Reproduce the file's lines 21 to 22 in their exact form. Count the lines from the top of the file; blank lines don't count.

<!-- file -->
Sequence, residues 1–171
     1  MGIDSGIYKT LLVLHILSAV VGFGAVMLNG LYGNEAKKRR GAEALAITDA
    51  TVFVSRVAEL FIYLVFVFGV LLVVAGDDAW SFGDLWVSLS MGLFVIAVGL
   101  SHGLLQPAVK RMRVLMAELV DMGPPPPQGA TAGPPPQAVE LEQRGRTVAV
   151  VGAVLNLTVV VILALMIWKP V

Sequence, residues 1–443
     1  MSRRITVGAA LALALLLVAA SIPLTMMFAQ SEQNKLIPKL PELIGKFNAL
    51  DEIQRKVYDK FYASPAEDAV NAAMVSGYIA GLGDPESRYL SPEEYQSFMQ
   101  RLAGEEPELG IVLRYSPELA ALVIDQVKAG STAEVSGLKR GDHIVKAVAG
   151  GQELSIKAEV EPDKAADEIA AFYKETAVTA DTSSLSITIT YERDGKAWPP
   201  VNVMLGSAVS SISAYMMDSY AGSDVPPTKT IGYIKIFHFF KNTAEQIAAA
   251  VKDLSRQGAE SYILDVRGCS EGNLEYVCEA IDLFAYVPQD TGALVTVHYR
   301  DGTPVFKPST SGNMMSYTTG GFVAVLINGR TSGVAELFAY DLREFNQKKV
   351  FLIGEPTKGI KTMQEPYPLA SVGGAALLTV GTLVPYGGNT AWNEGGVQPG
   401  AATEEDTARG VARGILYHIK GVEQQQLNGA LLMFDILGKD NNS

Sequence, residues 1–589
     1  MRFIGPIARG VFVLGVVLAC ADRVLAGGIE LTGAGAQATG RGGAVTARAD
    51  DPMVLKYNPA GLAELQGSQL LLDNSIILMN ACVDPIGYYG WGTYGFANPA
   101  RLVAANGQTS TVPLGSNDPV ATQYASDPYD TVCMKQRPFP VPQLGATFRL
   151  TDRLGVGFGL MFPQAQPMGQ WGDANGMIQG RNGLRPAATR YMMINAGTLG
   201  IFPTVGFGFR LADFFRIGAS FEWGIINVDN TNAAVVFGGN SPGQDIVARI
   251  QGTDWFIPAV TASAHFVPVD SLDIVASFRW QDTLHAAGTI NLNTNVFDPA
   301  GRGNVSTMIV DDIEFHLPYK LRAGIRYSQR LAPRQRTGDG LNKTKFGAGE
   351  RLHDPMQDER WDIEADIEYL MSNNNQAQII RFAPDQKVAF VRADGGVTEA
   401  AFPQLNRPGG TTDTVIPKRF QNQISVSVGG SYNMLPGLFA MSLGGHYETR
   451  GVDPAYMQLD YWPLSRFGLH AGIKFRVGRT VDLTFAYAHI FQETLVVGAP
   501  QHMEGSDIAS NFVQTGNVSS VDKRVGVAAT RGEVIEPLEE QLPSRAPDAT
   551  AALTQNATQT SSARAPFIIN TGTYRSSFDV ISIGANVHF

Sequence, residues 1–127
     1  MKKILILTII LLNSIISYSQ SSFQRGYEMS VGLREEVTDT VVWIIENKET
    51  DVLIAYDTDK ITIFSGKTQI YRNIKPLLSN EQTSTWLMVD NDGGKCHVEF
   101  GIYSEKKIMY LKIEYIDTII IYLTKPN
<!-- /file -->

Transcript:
   201  IFPTVGFGFR LADFFRIGAS FEWGIINVDN TNAAVVFGGN SPGQDIVARI
   251  QGTDWFIPAV TASAHFVPVD SLDIVASFRW QDTLHAAGTI NLNTNVFDPA